Aortoiliac Elongation after Endovascular Aortic Aneurysm Repair

Venita Chandra, Martin Rouer, Trit Garg, Dominik Fleischmann, Matthew Mell

Research output: Contribution to journalArticle

5 Scopus citations

Abstract

Background: Aortoiliac elongation after endovascular aortic aneurysm repair (EVAR) is not well studied. We sought to assess the long-term morphologic changes after EVAR and identify potentially modifiable factors associated with such a change. Methods: An institutional review board-approved retrospective review was conducted for 88 consecutive patients who underwent EVAR at a single academic center from 2003 to 2007 and who also had at least 2 follow-up computed tomography angiograms (CTAs) available for review up to 5 years after surgery. Standardized centerline aortic lengths and diameters were obtained on Aquarius iNtuition 3D workstation (TeraRecon Inc., San Mateo, CA) on postoperative and all-available follow-up CTAs. Relationships to aortic elongation were determined using Wilcoxon rank-sum test or linear regression (Stata version 12.1, College Station, TX). Changes in length over time were determined by mixed-effects analysis (SAS version 9.3, Cary, NC). Results: The study cohort was composed of mostly men (88%), with a mean age of (76 ± 8) and a mean follow-up of 3.2 years (range, 0.4-7.5 years). Fifty-seven percent of patients (n = 50) had devices with suprarenal fixation and 43% (n = 38) had no suprarenal fixation. Significant lengthening was observed over the study period in the aortoiliac segments, but not in the iliofemoral segments. Aortoiliac elongation over time was not associated with sex (P = 0.3), hypertension (P = 0.7), coronary artery disease (P = 0.3), diabetes (P = 0.3), or tobacco use (P = 0.4), but was associated with the use of statins (P = 0.03) and the presence of chronic obstructive pulmonary disease (P = 0.02). Significant aortic lengthening was associated with increased type I endoleaks (P = 0.03) and reinterventions (P = 0.03). Over the study period, 4 different devices were used; Zenith (Cook Medical Inc., Bloomington, IN), Talent (Medtronic, Minneapolis, MN), Aneuryx (Medtronic), and Excluder (W. L. Gore and Associates Inc., Flagstaff, AZ). After adjusting for differences in proximal landing zone, significant differences in aortic lengthening over time were observed by device type (P = 0.02). Conclusions: Significant aortoiliac elongation was observed after EVAR. Such morphologic changes may impact long-term durability of EVAR, warranting further investigation into factors associated with these morphologic changes.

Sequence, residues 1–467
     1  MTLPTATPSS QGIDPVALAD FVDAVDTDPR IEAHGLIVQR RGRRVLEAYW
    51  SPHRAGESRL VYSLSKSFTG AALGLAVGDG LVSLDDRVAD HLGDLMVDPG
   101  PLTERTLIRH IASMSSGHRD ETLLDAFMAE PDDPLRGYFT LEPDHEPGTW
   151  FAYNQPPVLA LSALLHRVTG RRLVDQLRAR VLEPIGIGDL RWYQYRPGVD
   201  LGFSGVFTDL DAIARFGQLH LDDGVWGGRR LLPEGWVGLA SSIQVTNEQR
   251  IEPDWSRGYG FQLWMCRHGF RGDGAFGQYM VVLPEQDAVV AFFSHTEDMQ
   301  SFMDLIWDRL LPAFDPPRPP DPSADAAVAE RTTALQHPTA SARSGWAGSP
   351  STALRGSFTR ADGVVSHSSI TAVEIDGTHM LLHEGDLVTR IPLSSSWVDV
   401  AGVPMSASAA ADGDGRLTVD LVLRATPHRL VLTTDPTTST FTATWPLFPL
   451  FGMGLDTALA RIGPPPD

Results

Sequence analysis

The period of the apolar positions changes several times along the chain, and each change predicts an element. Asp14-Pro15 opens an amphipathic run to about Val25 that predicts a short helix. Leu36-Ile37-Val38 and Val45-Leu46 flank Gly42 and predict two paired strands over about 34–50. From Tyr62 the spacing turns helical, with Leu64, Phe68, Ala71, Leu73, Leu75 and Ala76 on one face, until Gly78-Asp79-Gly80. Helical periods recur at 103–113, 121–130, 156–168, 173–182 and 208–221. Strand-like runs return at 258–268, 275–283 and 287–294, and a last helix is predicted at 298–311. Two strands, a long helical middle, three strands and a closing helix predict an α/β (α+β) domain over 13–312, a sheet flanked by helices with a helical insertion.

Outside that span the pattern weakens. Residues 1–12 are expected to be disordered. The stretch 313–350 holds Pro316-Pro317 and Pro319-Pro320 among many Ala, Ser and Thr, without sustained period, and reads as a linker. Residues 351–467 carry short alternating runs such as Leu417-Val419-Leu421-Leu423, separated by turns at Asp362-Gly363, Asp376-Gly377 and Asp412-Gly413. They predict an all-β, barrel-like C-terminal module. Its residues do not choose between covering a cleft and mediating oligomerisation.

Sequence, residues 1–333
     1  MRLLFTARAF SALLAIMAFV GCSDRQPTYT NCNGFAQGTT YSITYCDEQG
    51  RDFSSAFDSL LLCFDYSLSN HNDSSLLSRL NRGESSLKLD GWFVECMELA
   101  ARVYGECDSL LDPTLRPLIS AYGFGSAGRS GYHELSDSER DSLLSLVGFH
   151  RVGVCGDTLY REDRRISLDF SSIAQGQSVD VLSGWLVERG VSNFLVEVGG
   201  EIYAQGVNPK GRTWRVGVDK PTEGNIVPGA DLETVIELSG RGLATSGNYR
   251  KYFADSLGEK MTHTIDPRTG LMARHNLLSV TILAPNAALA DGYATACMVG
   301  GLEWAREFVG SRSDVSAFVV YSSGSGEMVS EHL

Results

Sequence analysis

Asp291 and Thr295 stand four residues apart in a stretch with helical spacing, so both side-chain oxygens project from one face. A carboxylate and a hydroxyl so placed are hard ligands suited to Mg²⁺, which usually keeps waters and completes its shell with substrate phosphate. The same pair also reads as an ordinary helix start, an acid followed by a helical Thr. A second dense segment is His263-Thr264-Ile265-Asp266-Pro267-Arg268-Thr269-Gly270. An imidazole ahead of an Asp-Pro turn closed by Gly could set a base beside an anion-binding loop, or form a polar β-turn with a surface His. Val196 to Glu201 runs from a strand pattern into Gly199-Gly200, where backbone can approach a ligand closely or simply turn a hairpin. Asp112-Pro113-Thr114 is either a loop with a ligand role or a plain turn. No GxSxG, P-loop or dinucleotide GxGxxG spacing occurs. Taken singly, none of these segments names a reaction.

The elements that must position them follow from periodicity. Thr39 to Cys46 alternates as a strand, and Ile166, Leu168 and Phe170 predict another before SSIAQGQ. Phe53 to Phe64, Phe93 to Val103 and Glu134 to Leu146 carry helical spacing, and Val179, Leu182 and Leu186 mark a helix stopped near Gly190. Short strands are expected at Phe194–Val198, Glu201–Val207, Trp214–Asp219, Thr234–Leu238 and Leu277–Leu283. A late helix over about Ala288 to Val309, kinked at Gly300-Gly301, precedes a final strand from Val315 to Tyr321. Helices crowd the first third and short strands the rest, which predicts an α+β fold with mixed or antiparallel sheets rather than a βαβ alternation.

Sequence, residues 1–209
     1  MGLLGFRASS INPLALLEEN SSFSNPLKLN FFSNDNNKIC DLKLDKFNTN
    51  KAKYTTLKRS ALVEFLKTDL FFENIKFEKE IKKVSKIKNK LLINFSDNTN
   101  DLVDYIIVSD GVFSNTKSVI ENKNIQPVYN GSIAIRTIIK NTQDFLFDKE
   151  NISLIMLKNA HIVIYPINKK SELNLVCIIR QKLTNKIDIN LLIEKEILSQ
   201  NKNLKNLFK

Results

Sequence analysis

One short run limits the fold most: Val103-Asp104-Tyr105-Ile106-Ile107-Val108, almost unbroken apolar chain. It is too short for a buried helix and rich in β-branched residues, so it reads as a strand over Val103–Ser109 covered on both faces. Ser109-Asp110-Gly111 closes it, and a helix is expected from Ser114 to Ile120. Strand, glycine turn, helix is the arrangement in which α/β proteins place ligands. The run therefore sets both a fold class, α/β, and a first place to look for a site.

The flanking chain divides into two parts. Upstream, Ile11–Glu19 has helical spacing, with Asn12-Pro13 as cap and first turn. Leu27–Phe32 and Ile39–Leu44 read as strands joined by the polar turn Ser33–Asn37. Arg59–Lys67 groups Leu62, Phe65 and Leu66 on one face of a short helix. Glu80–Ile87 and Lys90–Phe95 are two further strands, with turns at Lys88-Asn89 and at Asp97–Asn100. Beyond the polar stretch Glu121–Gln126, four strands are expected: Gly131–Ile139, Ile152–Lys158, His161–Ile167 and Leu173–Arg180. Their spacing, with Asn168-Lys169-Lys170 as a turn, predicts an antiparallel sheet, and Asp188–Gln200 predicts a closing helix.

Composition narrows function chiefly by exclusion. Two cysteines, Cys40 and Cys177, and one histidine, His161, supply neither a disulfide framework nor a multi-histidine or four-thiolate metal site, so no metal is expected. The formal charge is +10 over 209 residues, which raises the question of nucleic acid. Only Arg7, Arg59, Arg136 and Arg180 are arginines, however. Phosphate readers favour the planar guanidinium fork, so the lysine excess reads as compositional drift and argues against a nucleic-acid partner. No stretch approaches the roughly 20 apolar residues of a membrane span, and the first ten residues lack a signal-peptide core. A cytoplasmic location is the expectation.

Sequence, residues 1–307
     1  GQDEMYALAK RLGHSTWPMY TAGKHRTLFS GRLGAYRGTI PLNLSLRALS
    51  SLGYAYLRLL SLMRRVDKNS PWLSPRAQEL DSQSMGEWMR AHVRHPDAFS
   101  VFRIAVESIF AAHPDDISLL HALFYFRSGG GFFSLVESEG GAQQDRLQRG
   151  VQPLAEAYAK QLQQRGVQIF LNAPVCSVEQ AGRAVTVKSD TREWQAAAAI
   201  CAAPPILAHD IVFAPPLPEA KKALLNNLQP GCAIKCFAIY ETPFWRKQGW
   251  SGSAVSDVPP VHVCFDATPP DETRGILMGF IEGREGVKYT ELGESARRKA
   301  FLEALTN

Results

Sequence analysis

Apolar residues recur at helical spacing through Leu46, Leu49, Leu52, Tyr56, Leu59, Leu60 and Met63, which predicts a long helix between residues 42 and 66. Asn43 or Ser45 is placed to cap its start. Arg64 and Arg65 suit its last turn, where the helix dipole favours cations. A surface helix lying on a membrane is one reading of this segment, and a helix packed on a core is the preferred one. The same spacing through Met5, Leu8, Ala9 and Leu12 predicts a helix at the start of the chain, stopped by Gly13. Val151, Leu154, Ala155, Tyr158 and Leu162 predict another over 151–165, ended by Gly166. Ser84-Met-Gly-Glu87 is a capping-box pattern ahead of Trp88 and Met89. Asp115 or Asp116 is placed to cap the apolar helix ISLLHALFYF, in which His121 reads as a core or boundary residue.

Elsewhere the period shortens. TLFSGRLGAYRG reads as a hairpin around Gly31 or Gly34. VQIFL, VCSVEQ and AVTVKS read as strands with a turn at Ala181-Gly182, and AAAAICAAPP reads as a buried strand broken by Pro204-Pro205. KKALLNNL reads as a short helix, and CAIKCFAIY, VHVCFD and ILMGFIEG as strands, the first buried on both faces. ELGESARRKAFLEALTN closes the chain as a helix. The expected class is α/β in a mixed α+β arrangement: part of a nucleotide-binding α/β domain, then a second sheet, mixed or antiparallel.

Original languageEnglish (US)
Pages (from-to)891-897
Number of pages7
JournalAnnals of Vascular Surgery
Volume29
Issue number5
DOIs
StatePublished - Jan 1 2015
Externally publishedYes

ASJC Scopus subject areas

  • Surgery
  • Cardiology and Cardiovascular Medicine

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